“I overthink what I need to say, and then I don’t say anything. Maybe it’s more useful just to talk.”
So says Australian musician Courtney Barnett in the revealing new documentary Anonymous Club, a film so intensely personal it almost borders on claustrophobic, as we enter the anxious mind of one of Australia’s most loved contemporary rock musicians.
Directed by longtime friend and Melbourne film-maker Danny Cohen, and shot beautifully on 16mm film, Anonymous Club feels like a series of Polaroids: captured moments, sometimes fleeting, with some details a little blurry. Following Barnett over a three-year period of touring, recording and working on her recent album, Things Take Time, Take Time, it’s narrated by the musician in voice notes she recorded herself.
As the famously shy artist reveals her fears, the short audio clips are juxtaposed with footage of her accepting major music awards and playing to huge crowds around the world. That jarring dissonance lies at the heart of this film: how can a notoriously private person exist in such an incredibly public career? What impact does that have on mental health, self-perception and the creative process? There is a sense of loneliness, too; when we don’t see her working, Barnett is often shown on her own.
Cohen recorded almost 30 hours of footage, and then cut it to a slender 83 minutes. It’s a pleasure to follow along on tour, visiting landscapes from around the world and more familiar places, too, including Melbourne’s Corner hotel. But the film is just as much about what is not shown.
One particularly arresting moment follows a confession about feeling unable to write – “My heart is empty, my head is empty, the page is empty,” Barnett says. For a minute or so, there is nothing on screen at all, just blackness. The viewer looks into the void, soundtracked by a raw, impassioned acoustic performance: Barnett’s pain is audible in her trademark yowl as she sings, “I don’t wanna be here.”
Anonymous Club can feel like listening in on someone’s therapy sessions. Barnett is frank about her headspace, and it’s clear she’s not comfortable recording her thoughts. Considering the confessional nature of much of her music (“I’m having trouble breathing in,” she sings on the chorus of her panic attack anthem Avant Gardener) or the outright fury of a song like I’m Not Your Mother, I’m Not Your Bitch, it may seem a little surprising that Barnett is so reticent about her personal life.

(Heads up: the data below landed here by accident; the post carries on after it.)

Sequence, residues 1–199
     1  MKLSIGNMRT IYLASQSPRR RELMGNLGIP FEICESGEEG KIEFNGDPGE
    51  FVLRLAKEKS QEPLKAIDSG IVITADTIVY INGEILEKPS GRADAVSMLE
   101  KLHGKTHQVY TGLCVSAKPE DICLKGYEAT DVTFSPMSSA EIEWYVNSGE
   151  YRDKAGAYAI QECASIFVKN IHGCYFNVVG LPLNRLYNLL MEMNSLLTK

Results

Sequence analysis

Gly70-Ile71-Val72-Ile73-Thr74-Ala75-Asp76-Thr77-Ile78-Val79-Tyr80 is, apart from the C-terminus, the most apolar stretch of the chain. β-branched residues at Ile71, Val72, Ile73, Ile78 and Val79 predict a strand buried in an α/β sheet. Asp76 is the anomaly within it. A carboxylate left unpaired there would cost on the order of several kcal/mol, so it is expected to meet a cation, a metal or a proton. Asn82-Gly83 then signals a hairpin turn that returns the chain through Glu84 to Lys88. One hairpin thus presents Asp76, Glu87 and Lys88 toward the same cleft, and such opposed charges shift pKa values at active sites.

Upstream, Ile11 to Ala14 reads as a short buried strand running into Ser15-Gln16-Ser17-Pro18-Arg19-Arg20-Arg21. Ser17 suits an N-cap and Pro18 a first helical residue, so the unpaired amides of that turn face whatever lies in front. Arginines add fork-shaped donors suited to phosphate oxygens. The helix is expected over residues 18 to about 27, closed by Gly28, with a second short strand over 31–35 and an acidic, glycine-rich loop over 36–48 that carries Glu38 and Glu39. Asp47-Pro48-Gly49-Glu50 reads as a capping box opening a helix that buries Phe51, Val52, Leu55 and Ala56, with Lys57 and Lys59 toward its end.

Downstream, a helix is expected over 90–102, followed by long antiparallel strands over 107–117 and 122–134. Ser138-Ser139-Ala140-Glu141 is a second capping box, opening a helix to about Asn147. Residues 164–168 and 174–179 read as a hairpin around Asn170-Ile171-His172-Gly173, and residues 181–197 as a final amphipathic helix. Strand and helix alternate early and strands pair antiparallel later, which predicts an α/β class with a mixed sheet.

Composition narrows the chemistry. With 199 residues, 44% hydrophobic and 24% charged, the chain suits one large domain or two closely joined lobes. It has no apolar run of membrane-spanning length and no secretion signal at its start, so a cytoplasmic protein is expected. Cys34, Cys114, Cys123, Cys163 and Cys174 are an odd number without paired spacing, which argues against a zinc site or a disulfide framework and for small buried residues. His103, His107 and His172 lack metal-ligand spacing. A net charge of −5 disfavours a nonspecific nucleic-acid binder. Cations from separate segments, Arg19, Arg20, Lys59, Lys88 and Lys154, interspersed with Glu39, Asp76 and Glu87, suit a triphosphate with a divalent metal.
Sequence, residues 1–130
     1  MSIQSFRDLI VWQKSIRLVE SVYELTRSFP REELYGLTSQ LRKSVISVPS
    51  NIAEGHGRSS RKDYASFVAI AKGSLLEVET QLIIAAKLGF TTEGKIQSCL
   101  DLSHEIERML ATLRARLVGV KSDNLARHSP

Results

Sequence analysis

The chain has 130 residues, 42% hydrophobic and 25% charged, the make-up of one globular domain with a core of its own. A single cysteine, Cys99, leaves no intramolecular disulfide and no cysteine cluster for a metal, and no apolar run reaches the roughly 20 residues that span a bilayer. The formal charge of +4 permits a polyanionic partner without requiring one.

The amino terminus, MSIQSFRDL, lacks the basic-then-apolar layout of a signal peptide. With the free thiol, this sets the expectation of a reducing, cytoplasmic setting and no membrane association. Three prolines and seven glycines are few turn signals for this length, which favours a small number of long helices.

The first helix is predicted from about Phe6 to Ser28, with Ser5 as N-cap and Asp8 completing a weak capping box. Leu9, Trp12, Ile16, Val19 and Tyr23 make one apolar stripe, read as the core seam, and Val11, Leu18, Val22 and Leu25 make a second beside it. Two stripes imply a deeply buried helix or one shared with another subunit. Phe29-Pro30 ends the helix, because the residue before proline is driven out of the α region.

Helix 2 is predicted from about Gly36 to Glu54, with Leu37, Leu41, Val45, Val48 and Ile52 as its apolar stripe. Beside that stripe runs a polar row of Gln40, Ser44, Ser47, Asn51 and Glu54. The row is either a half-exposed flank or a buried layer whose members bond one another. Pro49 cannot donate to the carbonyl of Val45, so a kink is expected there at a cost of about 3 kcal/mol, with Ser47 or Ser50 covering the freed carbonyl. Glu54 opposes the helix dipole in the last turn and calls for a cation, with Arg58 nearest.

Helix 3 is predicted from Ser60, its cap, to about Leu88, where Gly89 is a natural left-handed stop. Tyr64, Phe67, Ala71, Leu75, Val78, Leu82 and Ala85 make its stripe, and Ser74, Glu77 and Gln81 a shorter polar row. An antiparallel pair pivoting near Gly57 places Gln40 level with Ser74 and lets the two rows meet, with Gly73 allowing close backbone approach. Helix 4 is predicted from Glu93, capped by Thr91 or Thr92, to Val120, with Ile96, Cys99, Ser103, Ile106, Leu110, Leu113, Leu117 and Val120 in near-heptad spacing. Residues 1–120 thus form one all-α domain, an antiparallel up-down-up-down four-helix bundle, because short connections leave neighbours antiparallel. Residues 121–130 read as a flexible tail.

But the documentary touches on imposter syndrome, and the inherent strangeness of performing as a job. “It feels like I’m being part of this scripted performance of what we think we’re supposed to see on stage, and it just feels really pointless,” Barnett says at one point. At another, she cries on stage.
Because the film is so internal, focused more on feelings and concepts than action, it does sometimes feel a little repetitive. But that, too, is an accurate representation of the experience of anxiety – the same things over and over and over, an inner monologue on repeat.
The musician’s relationship with her art is in flux throughout, and she admits that her understanding of her own songs changes as she does. But despite the anxiety that permeates Anonymous Club, it ends ultimately on a hopeful note, as Barnett realises her purpose as an artist, as a person.
“My albums won’t be with me on my deathbed holding my hand,” she says near the close of the documentary. “This film will not be with us as we lie dying – but I’d like to think in the bigger scheme of things, it will live on and help other people, or inspire other people, or create some sort of conversation.”